The Challenge of Cross Device Attributions

This is doubly complicated by the fact that cross-device conversions – a relatively new development for the industry – do not always account for the total of last click conversions we see on the reports. For a deeper look at attribution models, click here.

For example, an ad impression on mobile can trigger a direct conversion on Desktop. At the moment, the industry is working toward overcoming the hurdles of cross device conversions. The current attribution models, however, are not comprehensive enough for this type of conversions to be taken into consideration.

How do you deal with these challenges? My recommendation is to measure returns and CPA (cost per acquisition) for branded campaigns, and to be very demanding in that respect.

However, with regards to non-branded prospecting campaigns, whether they’re display or longtail keyword campaigns, one good approach is to have a discretionary budget that is considered an investment. Then, measure the level of impressions you’re getting and see how many new people are being fed into the funnel.

Did the number of calls your hotel receives go up once your billboard was up? You can apply the same principles to your online prospecting campaign

Your longtail keyword campaign has the disadvantage of being in direct competition with your competitor set, as well as with every major OTA around. This will unfailingly drive your costs up, as each click will have to be more expensive to be able to better compete with the other bidders.

However, your ads in this space are showing alongside those of your direct competitors and all OTAs. If you reduce spend on or remove these campaigns, you ensure that the only results searchers will see will be for your competitors and for OTA’s. While your organic listing will show up for relevant keywords, Google’s continued focus on monetization means that organic results are being made less prominent. Ads will always be seen first.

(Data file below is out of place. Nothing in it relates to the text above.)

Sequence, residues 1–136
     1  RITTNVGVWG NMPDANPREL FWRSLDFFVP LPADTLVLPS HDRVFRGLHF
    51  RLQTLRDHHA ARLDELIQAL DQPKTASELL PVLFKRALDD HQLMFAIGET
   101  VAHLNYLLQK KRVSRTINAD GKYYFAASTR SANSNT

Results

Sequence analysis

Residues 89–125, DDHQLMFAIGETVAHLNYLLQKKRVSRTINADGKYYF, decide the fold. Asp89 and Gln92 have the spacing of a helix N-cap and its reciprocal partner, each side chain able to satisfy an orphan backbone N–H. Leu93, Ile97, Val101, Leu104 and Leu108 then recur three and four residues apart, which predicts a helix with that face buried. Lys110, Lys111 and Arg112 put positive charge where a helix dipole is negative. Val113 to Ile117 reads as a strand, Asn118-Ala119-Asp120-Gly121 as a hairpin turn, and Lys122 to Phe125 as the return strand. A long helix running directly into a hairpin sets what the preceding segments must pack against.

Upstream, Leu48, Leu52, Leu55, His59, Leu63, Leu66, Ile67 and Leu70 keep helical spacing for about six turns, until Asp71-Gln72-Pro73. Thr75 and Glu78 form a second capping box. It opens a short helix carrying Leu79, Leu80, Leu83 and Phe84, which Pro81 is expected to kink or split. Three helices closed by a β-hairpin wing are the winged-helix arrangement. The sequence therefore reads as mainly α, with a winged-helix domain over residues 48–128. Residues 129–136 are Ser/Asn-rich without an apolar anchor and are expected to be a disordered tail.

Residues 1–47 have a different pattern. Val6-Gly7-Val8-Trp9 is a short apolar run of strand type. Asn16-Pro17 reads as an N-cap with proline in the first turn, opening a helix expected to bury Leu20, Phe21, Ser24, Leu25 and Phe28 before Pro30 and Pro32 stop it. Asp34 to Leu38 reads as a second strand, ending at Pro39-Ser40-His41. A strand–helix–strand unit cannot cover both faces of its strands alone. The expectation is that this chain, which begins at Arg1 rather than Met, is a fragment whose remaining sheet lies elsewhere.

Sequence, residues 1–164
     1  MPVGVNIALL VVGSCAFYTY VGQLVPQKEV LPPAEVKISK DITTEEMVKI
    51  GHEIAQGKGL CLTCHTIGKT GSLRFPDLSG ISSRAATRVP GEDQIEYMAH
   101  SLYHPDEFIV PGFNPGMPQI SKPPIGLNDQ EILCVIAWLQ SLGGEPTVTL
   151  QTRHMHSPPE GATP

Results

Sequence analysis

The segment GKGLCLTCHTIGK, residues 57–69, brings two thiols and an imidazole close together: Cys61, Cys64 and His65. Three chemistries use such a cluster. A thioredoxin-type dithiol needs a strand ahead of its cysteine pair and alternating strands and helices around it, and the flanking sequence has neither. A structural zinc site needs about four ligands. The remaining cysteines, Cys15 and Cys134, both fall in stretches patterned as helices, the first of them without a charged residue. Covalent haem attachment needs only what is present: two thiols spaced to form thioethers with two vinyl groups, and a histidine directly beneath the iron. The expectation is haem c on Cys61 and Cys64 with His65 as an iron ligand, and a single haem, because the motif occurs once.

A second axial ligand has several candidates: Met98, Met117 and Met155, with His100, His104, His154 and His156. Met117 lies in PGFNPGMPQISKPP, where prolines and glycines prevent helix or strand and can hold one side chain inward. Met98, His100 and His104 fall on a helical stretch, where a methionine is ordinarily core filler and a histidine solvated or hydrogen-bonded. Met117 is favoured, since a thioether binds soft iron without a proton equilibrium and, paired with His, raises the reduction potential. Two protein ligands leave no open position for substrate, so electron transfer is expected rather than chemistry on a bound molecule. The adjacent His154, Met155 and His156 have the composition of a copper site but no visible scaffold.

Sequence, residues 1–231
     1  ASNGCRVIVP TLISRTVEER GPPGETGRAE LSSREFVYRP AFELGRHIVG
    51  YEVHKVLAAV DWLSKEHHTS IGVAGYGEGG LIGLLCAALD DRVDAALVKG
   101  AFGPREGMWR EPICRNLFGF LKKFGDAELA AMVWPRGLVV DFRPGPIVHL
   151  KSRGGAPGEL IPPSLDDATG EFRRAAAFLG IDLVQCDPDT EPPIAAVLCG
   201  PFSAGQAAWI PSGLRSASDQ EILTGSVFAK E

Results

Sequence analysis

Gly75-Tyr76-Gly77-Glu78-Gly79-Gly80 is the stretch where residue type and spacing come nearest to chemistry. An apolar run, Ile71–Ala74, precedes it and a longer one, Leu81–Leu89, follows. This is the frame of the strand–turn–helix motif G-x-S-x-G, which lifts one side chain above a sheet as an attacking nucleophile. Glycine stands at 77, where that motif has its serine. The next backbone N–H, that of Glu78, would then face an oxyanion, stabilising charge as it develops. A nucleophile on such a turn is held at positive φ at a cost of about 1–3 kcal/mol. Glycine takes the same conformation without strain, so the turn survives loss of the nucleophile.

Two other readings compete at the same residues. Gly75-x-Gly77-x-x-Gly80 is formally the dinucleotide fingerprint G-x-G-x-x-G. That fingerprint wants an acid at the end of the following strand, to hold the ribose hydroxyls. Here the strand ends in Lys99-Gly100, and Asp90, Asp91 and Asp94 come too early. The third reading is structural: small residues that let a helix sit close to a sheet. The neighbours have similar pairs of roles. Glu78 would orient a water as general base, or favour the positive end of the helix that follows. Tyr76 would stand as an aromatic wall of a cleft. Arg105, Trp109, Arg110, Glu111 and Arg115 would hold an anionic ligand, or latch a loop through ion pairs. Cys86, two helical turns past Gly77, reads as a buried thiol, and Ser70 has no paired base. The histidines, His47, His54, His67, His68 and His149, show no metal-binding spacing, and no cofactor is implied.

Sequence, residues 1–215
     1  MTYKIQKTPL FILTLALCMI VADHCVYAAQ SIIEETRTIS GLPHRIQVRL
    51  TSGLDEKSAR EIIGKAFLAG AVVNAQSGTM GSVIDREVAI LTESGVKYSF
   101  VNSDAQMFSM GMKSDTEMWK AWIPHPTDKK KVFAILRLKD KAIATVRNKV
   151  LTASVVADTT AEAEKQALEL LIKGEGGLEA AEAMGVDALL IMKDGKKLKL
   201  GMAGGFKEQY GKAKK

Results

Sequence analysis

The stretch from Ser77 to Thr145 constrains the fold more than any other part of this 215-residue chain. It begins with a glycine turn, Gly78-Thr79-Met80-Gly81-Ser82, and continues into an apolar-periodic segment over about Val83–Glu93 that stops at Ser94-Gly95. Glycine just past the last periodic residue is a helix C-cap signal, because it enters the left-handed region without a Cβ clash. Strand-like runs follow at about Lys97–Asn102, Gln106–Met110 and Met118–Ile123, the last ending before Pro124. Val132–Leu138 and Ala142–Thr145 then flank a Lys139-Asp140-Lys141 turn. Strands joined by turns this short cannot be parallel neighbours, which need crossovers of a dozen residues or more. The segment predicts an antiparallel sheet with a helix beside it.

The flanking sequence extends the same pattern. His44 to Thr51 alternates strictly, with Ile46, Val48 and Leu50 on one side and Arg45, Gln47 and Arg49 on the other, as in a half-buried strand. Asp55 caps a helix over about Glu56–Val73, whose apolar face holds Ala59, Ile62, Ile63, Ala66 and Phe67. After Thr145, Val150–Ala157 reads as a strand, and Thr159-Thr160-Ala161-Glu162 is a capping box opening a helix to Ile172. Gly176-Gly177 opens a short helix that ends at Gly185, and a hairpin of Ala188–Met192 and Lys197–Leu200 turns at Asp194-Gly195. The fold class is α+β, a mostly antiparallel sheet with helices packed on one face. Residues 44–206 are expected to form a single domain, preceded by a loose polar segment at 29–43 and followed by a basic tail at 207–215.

There is an intrinsic value to these campaigns that cannot easily be quantified, and is entirely dependent on your strategy.

Conclusion

This is why non-branded campaigns are valued so highly by many hotels. They’re just like the billboards you would have invested in before the digital world became so important. These campaigns get your hotel in front of new eyes who might be interested in your hotel.

We have so much data available to us today that it can be easy to think that the value of every effort can be perfectly measured. That isn’t always the case just yet, but these prospecting campaigns are still extremely valuable. Both branded and non-branded campaigns are essential, in just the same way that you value your traditional marketing channels.

Natalia Riffran came to Net Affinity with a BA in economics and a Master’s degree in marketing. With a diploma in graphic design and a diploma in Fine Arts Photography, Natalia’s eye for design is a valuable addition to the team. Along with that eye for design, Natalia brings a strong 6 years of experience working in the digital space, particularly working in AdWords and other paid media for a diverse portfolio of international companies and markets. This work is aided by her fluency in Spanish, Italian and English. When she’s not crafting marketing campaigns for Net Affinity clients, Natalia enjoys playing videogames and doing photography.

www.netaffinity.com